diabetes, you probably have a better “why” than someone that just wants to lose 20 lbs to look good
in their summer bikini. But that doesn’t mean you have to be on death’s doorstep to come up with a
I recommend digging in and coming up with a better “why.” To do this, ask yourself why every time
you come up a reason for losing weight and getting healthy. When you find an answer for that, ask
Keep going down that rabbit hole like that annoying kid that keeps asking you why every time you
tell them something. Eventually, you will come up with something more like this.
“I want to lose weight and get healthy because I don’t want to live a short life full with limited
physical and mental capabilities. I’ve seen my love ones die and suffer from complications of
I don’t want to be a carb addict anymore and give into those addictions that make me feel like crap. I
want to be in charge of my health and what food I consume.
I want to live a long and healthy life full of physical activity and mental health. I refuse to be confined
to a wheelchair or bed in my later years. I don’t want to give into dementia or Alzheimer’s.
I want to be a part of my grandchildren and great-grandchildren’s lives until the day I day. I want to
truly be the best version of myself that I can be.”
This “why” is just an example. Yours will obviously be different and personalized.
Once you have your “why,” I want you to write it down. Physically write it down. There is a better
connection in your brain when you physically write something down.
Now put the “why” where you can see it daily. This can be the bathroom mirror, refrigerator, or
anywhere that you can look at it and read it each day. Better yet, write it down each day.
This will help you when things get tough, and you want to have a cheat. Is that cheat worth more to
you than your “why”? If you have a big enough “why,” you are more like to answer no to the cheat
and stay on track.
5. Eating Too Much Protein
This one is a big one for me. You mean I can have bacon and ribeyes? That was was my initial
reaction with the Keto diet.
Oh, those glorious fatty meats. I could have days where all I consume is meat.
And while there isn’t a thing as an essential carbohydrate, it doesn’t mean that you can just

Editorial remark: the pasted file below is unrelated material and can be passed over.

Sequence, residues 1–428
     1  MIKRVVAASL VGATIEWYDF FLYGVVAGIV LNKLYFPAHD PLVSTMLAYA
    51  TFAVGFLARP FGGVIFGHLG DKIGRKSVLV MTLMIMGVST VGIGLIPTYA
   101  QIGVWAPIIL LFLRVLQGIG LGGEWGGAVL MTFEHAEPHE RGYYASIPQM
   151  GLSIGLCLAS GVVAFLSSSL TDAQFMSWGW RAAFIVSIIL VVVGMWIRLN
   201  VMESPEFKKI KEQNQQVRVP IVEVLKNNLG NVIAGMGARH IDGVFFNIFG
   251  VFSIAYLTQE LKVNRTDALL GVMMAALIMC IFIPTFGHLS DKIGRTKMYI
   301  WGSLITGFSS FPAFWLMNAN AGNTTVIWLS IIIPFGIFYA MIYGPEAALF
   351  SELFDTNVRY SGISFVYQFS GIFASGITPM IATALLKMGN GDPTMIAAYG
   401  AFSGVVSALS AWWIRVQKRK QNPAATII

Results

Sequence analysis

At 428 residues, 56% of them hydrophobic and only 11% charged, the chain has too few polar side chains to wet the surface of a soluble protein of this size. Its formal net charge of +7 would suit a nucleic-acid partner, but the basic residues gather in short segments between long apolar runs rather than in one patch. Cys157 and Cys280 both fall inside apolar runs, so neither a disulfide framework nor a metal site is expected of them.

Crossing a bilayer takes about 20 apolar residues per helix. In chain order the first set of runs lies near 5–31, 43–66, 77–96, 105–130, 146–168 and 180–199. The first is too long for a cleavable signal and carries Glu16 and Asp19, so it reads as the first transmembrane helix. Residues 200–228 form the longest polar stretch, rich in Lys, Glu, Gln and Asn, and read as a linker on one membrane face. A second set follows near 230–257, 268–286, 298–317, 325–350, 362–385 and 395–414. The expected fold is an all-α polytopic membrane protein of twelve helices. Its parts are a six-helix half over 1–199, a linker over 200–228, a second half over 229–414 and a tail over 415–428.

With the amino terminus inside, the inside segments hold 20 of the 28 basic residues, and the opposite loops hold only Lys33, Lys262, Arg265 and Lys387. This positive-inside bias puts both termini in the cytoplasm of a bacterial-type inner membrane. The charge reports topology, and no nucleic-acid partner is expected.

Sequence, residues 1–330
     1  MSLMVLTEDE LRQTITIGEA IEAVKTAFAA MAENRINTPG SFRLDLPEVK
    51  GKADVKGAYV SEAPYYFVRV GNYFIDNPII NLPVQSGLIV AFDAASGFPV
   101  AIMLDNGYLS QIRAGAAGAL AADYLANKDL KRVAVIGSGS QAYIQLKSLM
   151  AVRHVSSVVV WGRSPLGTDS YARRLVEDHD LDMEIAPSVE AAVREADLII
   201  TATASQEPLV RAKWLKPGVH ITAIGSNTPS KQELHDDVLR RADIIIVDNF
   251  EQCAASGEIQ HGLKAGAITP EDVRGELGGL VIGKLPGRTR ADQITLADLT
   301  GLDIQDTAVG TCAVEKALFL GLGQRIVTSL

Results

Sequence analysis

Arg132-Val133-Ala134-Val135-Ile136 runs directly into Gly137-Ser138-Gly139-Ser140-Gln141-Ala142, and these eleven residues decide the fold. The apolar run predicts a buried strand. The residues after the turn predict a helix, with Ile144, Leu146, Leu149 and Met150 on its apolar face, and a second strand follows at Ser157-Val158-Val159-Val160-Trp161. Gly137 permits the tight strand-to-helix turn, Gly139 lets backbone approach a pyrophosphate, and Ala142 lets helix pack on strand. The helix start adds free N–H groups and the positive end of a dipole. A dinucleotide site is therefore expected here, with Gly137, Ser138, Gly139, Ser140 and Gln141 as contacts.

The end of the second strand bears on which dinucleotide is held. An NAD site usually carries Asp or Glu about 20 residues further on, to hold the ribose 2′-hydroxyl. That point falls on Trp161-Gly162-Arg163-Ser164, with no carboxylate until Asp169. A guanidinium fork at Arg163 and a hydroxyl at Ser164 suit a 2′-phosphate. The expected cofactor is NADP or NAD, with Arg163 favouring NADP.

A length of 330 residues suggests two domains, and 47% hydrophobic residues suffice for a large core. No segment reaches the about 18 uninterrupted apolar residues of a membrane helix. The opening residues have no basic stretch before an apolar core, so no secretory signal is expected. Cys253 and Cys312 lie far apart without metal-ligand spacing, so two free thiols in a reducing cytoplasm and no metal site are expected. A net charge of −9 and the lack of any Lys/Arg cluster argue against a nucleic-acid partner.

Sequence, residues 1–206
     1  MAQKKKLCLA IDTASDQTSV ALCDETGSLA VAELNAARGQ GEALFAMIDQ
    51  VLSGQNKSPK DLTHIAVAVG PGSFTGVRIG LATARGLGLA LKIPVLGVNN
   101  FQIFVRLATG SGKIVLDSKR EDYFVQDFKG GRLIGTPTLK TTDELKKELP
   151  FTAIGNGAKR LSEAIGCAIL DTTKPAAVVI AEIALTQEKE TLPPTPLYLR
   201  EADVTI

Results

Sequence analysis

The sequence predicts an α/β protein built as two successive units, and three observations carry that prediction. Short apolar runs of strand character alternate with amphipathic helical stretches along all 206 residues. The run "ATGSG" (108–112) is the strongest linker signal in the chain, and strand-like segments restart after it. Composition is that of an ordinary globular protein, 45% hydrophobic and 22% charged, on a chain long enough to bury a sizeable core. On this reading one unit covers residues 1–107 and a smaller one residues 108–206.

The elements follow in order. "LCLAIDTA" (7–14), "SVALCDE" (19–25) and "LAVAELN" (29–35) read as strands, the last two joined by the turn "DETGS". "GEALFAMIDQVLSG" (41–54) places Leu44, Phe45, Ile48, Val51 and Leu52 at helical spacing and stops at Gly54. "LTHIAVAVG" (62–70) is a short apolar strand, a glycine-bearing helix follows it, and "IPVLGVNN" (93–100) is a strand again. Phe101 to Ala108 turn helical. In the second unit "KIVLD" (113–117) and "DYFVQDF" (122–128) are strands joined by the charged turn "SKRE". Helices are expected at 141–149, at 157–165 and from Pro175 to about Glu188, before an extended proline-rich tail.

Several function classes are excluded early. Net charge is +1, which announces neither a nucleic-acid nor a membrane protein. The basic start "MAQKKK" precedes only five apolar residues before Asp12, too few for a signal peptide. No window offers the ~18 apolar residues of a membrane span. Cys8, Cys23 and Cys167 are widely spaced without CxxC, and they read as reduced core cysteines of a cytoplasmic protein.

consume all the meat and proteins you want.
Instead, proteins should be around 25% of the calories that we consume daily. A better way of
thinking about this is to try to hit around 0.6 to 0.8 gram of protein for every pound of lean body
mass you have.
For me, this is around 90-120 grams of protein a day. You can figure out yours by finding your lean
This gram total is just a goal, and you shouldn’t worry too much if you go slightly over or under this
total each day. Don’t think of it in the same way where we have a stricter limit on our daily
The problem with eating too much protein is our bodies can convert this excess protein into glucose.
This glucose conversion becomes the same problem as consuming too many carbs in our diet.
Another mistake with this protein intake is consuming too much of it in one meal. People that eat
one meal a day are going to have more problems with excess protein than someone who breaks
this up over a couple of meals during the day.
Daily protein intake is highly individualized, and the only real way you are going to know if you are
getting too much protein is to test with blood ketone strips. Check before and after meals with high
protein and days with one meal a day.
Does it affect your nutritional ketone levels? If so adjust.
Finally, I just want to add that protein is definitely needed on any diet. There are more problems with
not getting enough protein then there is with getting too much protein. Still, I recommend not getting
too much protein and stalling your weight loss.